Hacking inquiry team named

David Cameron today named the panel of independent experts who will help Lord Justice Leveson examine media practices in the wake of the phone hacking scandal.







They include Shami Chakrabarti, the director of human rights group Liberty, who said: "It was a daunting privilege to be invited to join Lord Justice Leveson's panel for such an important public inquiry under the Inquiries Act 2005.



"My acceptance is a vote of confidence in the vital role of independent judicial process in times of national difficulty.



"It comes from an optimism in the ability of a great democracy to look itself in the mirror in the spirit of re-building public trust.



"It reflects Liberty's belief in an appropriate balance between personal privacy and media freedom and above all in the Rule of Law."



Other panel members are former Daily Telegraph and Press Association journalist George Jones; former political editor for Channel 4 News Elinor Goodman; former chairman of the Financial Times Sir David Bell; Lord David Currie, former chairman of Ofcom; and former chief constable of West Midlands police Sir Paul Scott-Lee.



The inquiry will look at the phone hacking scandal specifically but also at broader issues involving politics, the media and the police.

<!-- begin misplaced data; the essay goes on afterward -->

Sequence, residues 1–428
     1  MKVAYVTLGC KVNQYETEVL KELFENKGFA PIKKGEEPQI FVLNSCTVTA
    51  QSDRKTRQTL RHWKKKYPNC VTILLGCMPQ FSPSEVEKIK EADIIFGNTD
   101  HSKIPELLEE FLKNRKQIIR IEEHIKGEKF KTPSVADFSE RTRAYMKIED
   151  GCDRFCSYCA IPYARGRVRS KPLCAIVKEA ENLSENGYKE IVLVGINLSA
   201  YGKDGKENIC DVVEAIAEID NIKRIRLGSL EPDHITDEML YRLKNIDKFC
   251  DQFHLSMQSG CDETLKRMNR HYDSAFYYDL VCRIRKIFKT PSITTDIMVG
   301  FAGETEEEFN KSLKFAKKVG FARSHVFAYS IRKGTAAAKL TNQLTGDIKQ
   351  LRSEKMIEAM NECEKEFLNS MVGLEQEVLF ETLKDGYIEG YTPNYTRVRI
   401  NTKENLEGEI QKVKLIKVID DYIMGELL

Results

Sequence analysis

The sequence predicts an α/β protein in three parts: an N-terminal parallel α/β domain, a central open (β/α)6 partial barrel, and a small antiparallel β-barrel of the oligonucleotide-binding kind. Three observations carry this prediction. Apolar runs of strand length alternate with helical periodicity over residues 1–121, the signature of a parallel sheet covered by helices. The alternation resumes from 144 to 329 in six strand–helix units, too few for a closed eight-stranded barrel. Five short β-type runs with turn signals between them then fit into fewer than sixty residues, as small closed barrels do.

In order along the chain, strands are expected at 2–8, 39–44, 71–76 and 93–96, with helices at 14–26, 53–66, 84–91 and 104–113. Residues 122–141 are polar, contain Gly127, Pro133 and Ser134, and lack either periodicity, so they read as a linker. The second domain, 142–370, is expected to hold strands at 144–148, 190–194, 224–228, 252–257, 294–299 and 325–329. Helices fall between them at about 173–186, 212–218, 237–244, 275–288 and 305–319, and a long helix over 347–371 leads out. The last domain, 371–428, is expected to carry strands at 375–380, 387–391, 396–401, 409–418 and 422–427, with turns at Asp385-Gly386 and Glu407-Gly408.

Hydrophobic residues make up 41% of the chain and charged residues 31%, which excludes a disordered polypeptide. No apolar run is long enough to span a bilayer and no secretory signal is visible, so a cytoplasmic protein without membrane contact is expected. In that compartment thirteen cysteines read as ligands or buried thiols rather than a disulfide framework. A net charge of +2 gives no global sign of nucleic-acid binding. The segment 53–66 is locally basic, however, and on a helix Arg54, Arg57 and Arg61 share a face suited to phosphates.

It is expected to report within 12 months.



When he was appointed, Lord Justice Leveson said: "The press provides an essential check on all aspects of public life. That is why any failure within the media affects all of us.



"At the heart of this inquiry, therefore, may be one simple question: who guards the guardians?"







Ms Chakrabati has become a regular face on television since her appointment as director of Liberty in 2003.

She trained as a barrister before working as a lawyer in the Home Office from 1996 until 2001.



Ms Goodman now works as freelance journalist after 20 years as political editor of Channel Four News.



She also serves on the Commission on Rural Communities which acts as an independent adviser to the Government on rural issues.



Sir David was chairman of the Financial Times from 1996 until his retirement at the end of 2009 and also served on the board of Pearson plc for 13 years.



Educated at Cambridge University and the University of Pennsylvania, he is also chairman of the Media Standards Trust.



Crossbencher Lord Currie stepped down as head of communications regulator Ofcom in 2009.



Before that he worked as an economics professor, government adviser and a non-executive director of the Abbey National.



Sir Paul Scott-Lee joined the police in his home town of Coventry after leaving school and rose through the ranks to become chief constable.



He also spent time on the forces in Northamptonshire, Kent and Suffolk.



Mr Jones served as political editor of the Daily Telegraph before joining the Press Association as a special correspondent.



He retired in 2010 having reported on 11 general elections and eight prime ministers since 1969.

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